“What the hell?” I had asked checking my client’s pulse as she sat slumped against a gym wall.
Panting, the overweight sixty-year-old explained that after our intense workout she had decided to practice some fat-burning HIIT she had read about. She was trying hard to lose weight.
“No,” I had said, in a worried tone. “Working out like that AFTER our workout is counter-productive. You will only hurt yourself!”
High-Intensity Interval Training (HIIT) has produced great results in many people. It has also injured my knee and canceled a half-marathon I had trained for.
The same might be said for exercise systems like Cross Fit, plyometrics, Power Yoga, running and some martial arts like Tai Chi. They can hurt you when you are over 50 years old, even if you consider yourself physically fit. Do not get me wrong. I have the highest regard for these fitness systems, and they are great, if (and a really big if here) the older trainee has been trained properly and gradually.
If you’re over 50, take care and watch out for what I call The Faulty Five. These exercises are wonderful but as we age, it’s important to be more cautious when trying them. And it’s a good idea to work with a certified trainer at first and be sure to tell them about any prior injuries or sensitive areas.
1) Cross Fit
Cross Fit is an awesome system. It produces great results for sustained strength and endurance. But problems arise when people try too much, too soon, and use improper form. Even experts can blow it sometimes. For example, not long ago I had been getting good progress with a 12-week program until I was performing a combination of barbell cleans, overhead presses, back squats, press, front squats, and repeats. Like many, I became tired. My form got sloppy on my front squat, I started hurting, and, well no half-marathon that summer. As older people, we tire more easily. Don’t think like you’re twenty, even if you feel it. Rest between sets.
This type of training combines speed and force (and often jumps) to get results. It’s popular with athletes, special military forces, and some specific sports training where agility is needed. However, it’s very jarring. One false move and you’ll need days or even weeks to recover.
3) Skipping and running on hard surfaces
I’ve lost many good, middle-aged cardio kick-boxing students because they trained on cement floors, as well as runners to ran for years on pavement. When working out, stay on top of rubber surfaces to keep from wearing out joints. If you’re in your sixties, stick to grass, sand, and trails for runs. Have your vision checked regularly and be mindful of uneven surfaces. Another good reminder for me was meeting a former Olympics doctor who used to run over 90 miles a week. He now walks with the aid of canes.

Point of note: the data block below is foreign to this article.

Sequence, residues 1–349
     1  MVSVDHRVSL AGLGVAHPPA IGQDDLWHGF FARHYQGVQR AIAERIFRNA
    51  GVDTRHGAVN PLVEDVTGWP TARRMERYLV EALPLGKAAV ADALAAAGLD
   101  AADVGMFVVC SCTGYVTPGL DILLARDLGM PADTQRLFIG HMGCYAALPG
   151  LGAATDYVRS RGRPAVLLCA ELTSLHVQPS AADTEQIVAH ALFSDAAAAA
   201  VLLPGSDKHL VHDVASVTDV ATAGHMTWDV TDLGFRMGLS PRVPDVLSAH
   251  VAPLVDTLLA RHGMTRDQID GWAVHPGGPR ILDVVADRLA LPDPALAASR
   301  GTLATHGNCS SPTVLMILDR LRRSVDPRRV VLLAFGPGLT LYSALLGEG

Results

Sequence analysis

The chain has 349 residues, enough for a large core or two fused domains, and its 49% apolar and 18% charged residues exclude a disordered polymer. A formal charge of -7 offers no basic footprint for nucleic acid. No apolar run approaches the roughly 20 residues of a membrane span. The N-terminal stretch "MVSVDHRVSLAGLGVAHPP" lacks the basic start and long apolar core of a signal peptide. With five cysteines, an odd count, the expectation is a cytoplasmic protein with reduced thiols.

4) Martial arts
Martial arts are usually well-rounded health and exercise systems. Again, don’t expect to drop into a full split like the kid’s class or the older instructor who has been training most of their lives. The over-stretching can form scar tissue and take a long time to heal. There are some very good and hard-as-nails older martial artists (like Ron Van Clief). Some in their 70’s and 80’s who have trained intensely all of their lives. Taking classes with older trainers who understand the aging body is a sensible option to avoid injury. Tai chi and other internal martial arts are very beneficial health-wise and I have seen them work in actual sparring. But do not be fooled by the gentle movements. It can be very hard work and the low stances are not for the weak. (While in Taiwan, I saw a guy in his sixties perform a form with low stances with a wine glass full of water balanced on his head.) In fact, I needed months of physiotherapy after dropping into a low stance without warming up properly.
5) Yoga. With yoga, it’s important not to attempt advanced postures without coaching or preliminary work. You can pull muscles just as easily as any sport as with yoga. Trust me on this as I have injured myself by being over-enthusiastic with yoga even in my younger years.
In summary, the over 50-year old’s body will generally not adapt or recover as quickly as a younger person’s body when undergoing intense, jarring, or body-shocking movements. Older muscles, tendons, and joints take longer to recover than their young counterparts. Train with lower weights, easier poses when beginning, and the progress will come.
About the Author
Doug Setter holds an Education Certificate (University of British Columbia) and Bachelor of Human Ecology (Food and Nutrition) from the University of Manitoba. He’s a certified trainer, kick-boxing welterweight titleholder and the author of seven books on fitness. Doug served in the Canadian Armed Forces as an infantry soldier and paratrooper as well as with the U.N. Peacekeeper forces. He’s climbed Mount Rainier and completed five full marathons. He’s the author of the book Fit Femme After 50 a portable guidebook to fitness with illustrations that demonstrate postures and poses to ensure accuracy of training. Each chapter of the book concludes with the real story of a woman’s exercise or family-life struggle and how they were helped by Doug’s program.
Learn more about Doug and his books and personalized training programs at www.2ndwindbodyscience.com or contact him at dougsetter(AT)gmail.com – Instagram @doug_setter, 778-837-3528 (Canada) for virtual training.